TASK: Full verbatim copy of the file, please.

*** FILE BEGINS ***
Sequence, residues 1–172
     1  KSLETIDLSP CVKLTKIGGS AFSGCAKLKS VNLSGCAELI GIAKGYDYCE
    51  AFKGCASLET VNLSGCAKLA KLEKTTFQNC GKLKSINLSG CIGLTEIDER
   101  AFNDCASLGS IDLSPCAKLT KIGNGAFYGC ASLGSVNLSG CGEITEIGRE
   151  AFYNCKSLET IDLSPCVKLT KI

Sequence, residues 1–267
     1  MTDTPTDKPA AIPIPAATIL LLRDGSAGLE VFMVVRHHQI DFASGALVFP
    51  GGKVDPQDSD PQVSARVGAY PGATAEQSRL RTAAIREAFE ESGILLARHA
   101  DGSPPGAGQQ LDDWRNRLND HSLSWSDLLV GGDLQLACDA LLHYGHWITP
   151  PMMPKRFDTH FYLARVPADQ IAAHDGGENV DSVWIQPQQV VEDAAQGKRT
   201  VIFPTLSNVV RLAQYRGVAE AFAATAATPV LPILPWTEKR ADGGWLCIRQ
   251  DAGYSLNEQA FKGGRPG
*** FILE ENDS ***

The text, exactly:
Sequence, residues 1–172
     1  KSLETIDLSP CVKLTKIGGS AFSGCAKLKS VNLSGCAELI GIAKGYDYCE
    51  AFKGCASLET VNLSGCAKLA KLEKTTFQNC GKLKSINLSG CIGLTEIDER
   101  AFNDCASLGS IDLSPCAKLT KIGNGAFYGC ASLGSVNLSG CGEITEIGRE
   151  AFYNCKSLET IDLSPCVKLT KI

Sequence, residues 1–267
     1  MTDTPTDKPA AIPIPAATIL LLRDGSAGLE VFMVVRHHQI DFASGALVFP
    51  GGKVDPQDSD PQVSARVGAY PGATAEQSRL RTAAIREAFE ESGILLARHA
   101  DGSPPGAGQQ LDDWRNRLND HSLSWSDLLV GGDLQLACDA LLHYGHWITP
   151  PMMPKRFDTH FYLARVPADQ IAAHDGGENV DSVWIQPQQV VEDAAQGKRT
   201  VIFPTLSNVV RLAQYRGVAE AFAATAATPV LPILPWTEKR ADGGWLCIRQ
   251  DAGYSLNEQA FKGGRPG